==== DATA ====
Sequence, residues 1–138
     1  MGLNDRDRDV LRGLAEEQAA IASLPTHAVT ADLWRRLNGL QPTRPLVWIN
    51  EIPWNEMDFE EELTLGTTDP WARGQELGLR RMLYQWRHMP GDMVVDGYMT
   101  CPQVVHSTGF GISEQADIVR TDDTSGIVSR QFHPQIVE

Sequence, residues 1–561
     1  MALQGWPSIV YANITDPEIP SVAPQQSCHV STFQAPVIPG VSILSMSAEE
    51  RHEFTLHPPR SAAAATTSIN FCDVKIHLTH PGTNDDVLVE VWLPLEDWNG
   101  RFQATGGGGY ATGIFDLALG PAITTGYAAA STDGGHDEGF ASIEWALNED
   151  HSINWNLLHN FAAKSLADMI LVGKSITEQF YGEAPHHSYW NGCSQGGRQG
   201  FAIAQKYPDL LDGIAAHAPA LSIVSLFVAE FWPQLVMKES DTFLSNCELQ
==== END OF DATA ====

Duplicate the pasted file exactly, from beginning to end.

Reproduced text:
Sequence, residues 1–138
     1  MGLNDRDRDV LRGLAEEQAA IASLPTHAVT ADLWRRLNGL QPTRPLVWIN
    51  EIPWNEMDFE EELTLGTTDP WARGQELGLR RMLYQWRHMP GDMVVDGYMT
   101  CPQVVHSTGF GISEQADIVR TDDTSGIVSR QFHPQIVE

Sequence, residues 1–561
     1  MALQGWPSIV YANITDPEIP SVAPQQSCHV STFQAPVIPG VSILSMSAEE
    51  RHEFTLHPPR SAAAATTSIN FCDVKIHLTH PGTNDDVLVE VWLPLEDWNG
   101  RFQATGGGGY ATGIFDLALG PAITTGYAAA STDGGHDEGF ASIEWALNED
   151  HSINWNLLHN FAAKSLADMI LVGKSITEQF YGEAPHHSYW NGCSQGGRQG
   201  FAIAQKYPDL LDGIAAHAPA LSIVSLFVAE FWPQLVMKES DTFLSNCELQ